Peripheral Visionary said...

The "where is money safe" question is a good one. There's no easy answer, because the extreme deluge of liquidity has driven the prices of everything up. The question is not where there is the most potential for the upside, but where there is the most risk on the downside--and that would be equities and mortgage securities.

Commodities are overbought, yes (and that includes gold), and the dollar is very vulnerable, and even money market accounts aren't safe. But their downside is much more limited than equities right now--and the contrarian wisdom is that the dollar is due for a bounce. Treasuries are also vulnerable, although they tend to move in very limited ways relative to other securities, so any downside is going to be relatively small.

Sac RE Agent said...

Dawg, looking back at a one time occurance in '91 and then predicting the future on that event, is just beautiful.


On a lighter note, whenever you put together you priceline of what the appraiser sees, lender sees, etc., please add a line in there for what Casey sees. I miss getting any updates on the crazy guy. Does anyone have any updates on him?

Rob Dawg said...

PV,
Many truths.

I think gold is going to crash when people need to cover losing leveraged positions. I've been wrong but we very well may be entering a strange days period for a short time.

Treasuries are a good idea for most. Inflaton indexed may work better if we can get honest inflation data. You can "invest" in a 0% yielding CD denominated in Yen or several others. I continue to be amazed by Aus and NZ dollars rising.

There's a lot of realignment waaay overdue. Krona CDs? I don't know.

Peripheral Visionary said...

I also miss updates on the Failed Specu-Vestor. He was one of the best leading indicators I'm aware of--he was ahead of the foreclosure curve by a good six months. We need to put a tracking collar on him and find out where he goes so we can know who to short.

Property Flopper said...

I hate to admit it, but I miss Casey too...

When I needed humor, I just asked "what did Casey do today that was stupid" and sure enough... there was some new low.

It was always a nice pick-me-up to think no matter what I did that day, Casey had done something worse that very day.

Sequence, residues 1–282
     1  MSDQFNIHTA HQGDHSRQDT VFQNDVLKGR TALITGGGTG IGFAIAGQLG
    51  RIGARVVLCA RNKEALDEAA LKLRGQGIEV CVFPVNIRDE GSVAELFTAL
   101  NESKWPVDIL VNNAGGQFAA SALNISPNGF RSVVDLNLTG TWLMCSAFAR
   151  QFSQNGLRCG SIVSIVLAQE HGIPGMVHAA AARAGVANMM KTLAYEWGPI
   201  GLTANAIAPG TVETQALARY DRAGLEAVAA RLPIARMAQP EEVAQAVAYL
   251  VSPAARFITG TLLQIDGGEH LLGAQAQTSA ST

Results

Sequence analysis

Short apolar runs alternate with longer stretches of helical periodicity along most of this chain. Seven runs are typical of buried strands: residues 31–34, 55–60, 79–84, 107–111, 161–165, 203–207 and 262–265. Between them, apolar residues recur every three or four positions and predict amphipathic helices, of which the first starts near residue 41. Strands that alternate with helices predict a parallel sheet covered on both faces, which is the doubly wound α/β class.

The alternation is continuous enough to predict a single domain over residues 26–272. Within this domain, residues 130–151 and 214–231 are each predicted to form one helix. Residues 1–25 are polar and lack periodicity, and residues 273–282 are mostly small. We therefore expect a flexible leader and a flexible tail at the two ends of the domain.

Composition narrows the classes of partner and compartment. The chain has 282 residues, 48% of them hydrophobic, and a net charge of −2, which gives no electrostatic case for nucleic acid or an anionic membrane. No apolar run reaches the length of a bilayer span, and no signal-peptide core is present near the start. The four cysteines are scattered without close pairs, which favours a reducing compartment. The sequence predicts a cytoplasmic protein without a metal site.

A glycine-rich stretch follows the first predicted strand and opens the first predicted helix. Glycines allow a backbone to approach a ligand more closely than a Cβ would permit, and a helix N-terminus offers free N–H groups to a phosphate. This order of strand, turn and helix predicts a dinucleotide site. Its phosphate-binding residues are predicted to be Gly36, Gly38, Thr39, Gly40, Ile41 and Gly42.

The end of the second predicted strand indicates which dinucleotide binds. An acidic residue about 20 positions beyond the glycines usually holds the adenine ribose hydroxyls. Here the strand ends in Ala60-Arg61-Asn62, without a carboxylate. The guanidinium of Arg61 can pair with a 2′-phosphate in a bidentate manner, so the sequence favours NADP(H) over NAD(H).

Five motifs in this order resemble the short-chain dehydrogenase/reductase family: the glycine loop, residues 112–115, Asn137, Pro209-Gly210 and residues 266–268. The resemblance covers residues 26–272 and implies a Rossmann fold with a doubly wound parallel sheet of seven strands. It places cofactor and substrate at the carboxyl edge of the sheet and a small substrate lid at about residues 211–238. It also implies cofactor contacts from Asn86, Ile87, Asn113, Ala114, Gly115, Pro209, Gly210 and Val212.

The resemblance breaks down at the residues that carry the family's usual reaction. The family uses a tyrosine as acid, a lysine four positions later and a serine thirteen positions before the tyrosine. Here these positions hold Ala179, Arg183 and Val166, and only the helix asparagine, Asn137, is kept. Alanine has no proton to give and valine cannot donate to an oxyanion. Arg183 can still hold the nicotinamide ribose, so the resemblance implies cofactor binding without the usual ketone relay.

Anyone still in contact? It would be interesting to see what he's done. I assume G left him for good - he did more than enough to force her hand. I'd be interested to see what he's doing for a living now, he talked about getting a regular job... fat chance of that, but I'd love to see how he's justifying it these days.

ha38349 said...

At 3:05 PM, Property Flopper said...
It was always a nice pick-me-up to think no matter what I did that day, Casey had done something worse that very day.

I agree 100% (or maybe even 110% :)

Lost Cause said...

Someone call his cell phone.

Akubi said...

Yes, Casey was our Cassandra. Where has he gone?
Watching Paul Kangas and amazed that guy is still alive. He clearly eats pork.

Akubi said...

Perhaps I was more touched by Animal Farm than your average little kid reader.

Akubi said...

The housing bubble has clearly burst and is boring now.
What next?
Porn is mildly boring too, but I plan to update Zillow Book soon.

Lost Cause said...

Invest in booze and other vice. It always does great during a recession.

Akubi said...

Like '29?

TK said...

A friend of mine and I are currently doing DD on a nice little wine store we think could do quite well in the coming recession. Tucked away in a leafy wealthy New York semi-suburb and ripe for high margin cheap vodka sales when things REALLY go south.

Akubi said...

Whenever I read Vanity Fair I discover how much new pure vodka I've missed out on thanks to my plebian beer tendencies.

Akubi said...

I suspected as much - mispelled plebeian, but appreciated the Wiki reference in the discovery process...
In Ancient Rome, the plebs were the general body of Roman citizens, distinct from the privileged class of the patricians. A member of the plebs was known as a plebeian (Latin: plebeius). The term is used more commonly today to refer to one who is in the middle or lower class, or who appears to be; however, in Rome, plebeians could become quite wealthy and influential.

April aka IPG said...

I haven't been here in quite a while, but this is a truly witty post!

:)
I have missed this blog.

http://confessionsofamadprofessor.blogspot.com
April

Rob Dawg said...

Thanks Apriil. I try and have lots of good help.

Pleather Murse said...

I passed on a nice Krispy Kreme (KKD) bounce today. Down ~15% Friday on bad earnings, I guessed it was an overreaction and was right -- bounced back about 5% today (NOBODY makes donuts like Krispy Kreme.) Walgreen's (WAG) might be a similar play: down today 14% on poor earnings, seems a bit of an overreaction. I don't think they're going out of business anytime soon. Maybe a 5% bounceback tomorrow?

Also looking into ERO, a Euro fund. But I don't like getting hit with that big short-term cap gain every time I go in and out of it, wish I could get a Euro-denominated sweep money market for times when my account is in cash.

Just stumbled across three fun new toys recently: SDS (ultrashort SP500 ETF), DXD (ultrashort Dow ETF) and QID (ultrashort QQQ ETF). Ultrashort meaning they replicate 2x the inverse movement of the given index. QQQ goes down 2% = QID goes up 4%. Nice way to play the short side without getting squeezed into covering.